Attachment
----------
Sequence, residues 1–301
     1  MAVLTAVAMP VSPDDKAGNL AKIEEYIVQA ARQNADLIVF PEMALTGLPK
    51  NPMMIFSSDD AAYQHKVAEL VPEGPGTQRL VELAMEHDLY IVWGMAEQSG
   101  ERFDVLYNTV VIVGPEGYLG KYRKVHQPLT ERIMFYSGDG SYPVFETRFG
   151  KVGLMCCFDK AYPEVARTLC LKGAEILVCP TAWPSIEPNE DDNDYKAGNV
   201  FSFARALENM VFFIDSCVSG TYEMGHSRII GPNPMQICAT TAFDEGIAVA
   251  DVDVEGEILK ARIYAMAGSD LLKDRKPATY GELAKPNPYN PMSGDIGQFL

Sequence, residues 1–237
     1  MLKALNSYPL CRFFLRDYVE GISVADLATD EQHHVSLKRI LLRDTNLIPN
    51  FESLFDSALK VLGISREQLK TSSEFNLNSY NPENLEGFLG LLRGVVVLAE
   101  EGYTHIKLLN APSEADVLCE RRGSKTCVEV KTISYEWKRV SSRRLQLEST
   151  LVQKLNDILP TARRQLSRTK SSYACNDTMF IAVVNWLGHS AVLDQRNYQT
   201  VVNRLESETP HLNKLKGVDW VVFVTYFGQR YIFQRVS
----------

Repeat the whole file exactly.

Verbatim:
Sequence, residues 1–301
     1  MAVLTAVAMP VSPDDKAGNL AKIEEYIVQA ARQNADLIVF PEMALTGLPK
    51  NPMMIFSSDD AAYQHKVAEL VPEGPGTQRL VELAMEHDLY IVWGMAEQSG
   101  ERFDVLYNTV VIVGPEGYLG KYRKVHQPLT ERIMFYSGDG SYPVFETRFG
   151  KVGLMCCFDK AYPEVARTLC LKGAEILVCP TAWPSIEPNE DDNDYKAGNV
   201  FSFARALENM VFFIDSCVSG TYEMGHSRII GPNPMQICAT TAFDEGIAVA
   251  DVDVEGEILK ARIYAMAGSD LLKDRKPATY GELAKPNPYN PMSGDIGQFL

Sequence, residues 1–237
     1  MLKALNSYPL CRFFLRDYVE GISVADLATD EQHHVSLKRI LLRDTNLIPN
    51  FESLFDSALK VLGISREQLK TSSEFNLNSY NPENLEGFLG LLRGVVVLAE
   101  EGYTHIKLLN APSEADVLCE RRGSKTCVEV KTISYEWKRV SSRRLQLEST
   151  LVQKLNDILP TARRQLSRTK SSYACNDTMF IAVVNWLGHS AVLDQRNYQT
   201  VVNRLESETP HLNKLKGVDW VVFVTYFGQR YIFQRVS